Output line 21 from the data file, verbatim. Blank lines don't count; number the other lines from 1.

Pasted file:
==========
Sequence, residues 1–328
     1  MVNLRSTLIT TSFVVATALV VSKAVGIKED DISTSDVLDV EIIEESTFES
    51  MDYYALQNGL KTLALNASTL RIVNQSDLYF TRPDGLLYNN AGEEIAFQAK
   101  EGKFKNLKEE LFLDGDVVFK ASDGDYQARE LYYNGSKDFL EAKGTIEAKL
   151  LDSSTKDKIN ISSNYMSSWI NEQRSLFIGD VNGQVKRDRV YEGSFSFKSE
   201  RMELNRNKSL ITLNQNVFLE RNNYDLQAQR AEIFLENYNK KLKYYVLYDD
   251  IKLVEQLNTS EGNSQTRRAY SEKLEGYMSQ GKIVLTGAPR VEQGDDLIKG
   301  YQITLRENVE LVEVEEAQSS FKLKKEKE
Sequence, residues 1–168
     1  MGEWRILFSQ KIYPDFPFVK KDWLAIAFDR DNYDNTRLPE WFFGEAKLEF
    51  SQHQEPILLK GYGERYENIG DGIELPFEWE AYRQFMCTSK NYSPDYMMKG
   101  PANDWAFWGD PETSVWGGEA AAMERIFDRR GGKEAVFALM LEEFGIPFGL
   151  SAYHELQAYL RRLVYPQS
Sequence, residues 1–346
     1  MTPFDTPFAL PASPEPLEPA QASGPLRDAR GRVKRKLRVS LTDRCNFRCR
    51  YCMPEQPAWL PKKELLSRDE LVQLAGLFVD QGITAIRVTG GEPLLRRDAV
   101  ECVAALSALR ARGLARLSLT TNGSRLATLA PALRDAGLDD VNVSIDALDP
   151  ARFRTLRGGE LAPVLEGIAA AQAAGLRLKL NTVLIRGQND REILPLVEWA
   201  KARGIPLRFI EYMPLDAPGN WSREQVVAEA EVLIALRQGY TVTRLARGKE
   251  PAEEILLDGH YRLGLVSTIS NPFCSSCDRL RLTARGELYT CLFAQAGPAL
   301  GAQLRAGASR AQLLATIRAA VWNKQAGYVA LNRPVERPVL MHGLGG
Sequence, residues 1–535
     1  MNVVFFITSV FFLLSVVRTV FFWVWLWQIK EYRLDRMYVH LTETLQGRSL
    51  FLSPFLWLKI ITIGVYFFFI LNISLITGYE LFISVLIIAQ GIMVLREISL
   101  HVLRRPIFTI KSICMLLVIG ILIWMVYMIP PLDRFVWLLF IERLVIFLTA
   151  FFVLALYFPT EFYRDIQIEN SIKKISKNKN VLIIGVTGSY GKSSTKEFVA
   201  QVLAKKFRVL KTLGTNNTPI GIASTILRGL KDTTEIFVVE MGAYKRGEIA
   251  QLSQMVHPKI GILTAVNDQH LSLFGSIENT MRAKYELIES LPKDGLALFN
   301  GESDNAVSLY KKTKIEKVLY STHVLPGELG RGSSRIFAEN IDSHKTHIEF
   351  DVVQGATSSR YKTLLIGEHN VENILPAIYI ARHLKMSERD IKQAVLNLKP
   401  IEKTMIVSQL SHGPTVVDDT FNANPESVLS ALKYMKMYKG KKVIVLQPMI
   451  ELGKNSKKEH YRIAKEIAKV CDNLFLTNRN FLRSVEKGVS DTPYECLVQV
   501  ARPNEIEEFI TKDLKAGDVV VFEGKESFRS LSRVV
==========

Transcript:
   301  GAQLRAGASR AQLLATIRAA VWNKQAGYVA LNRPVERPVL MHGLGG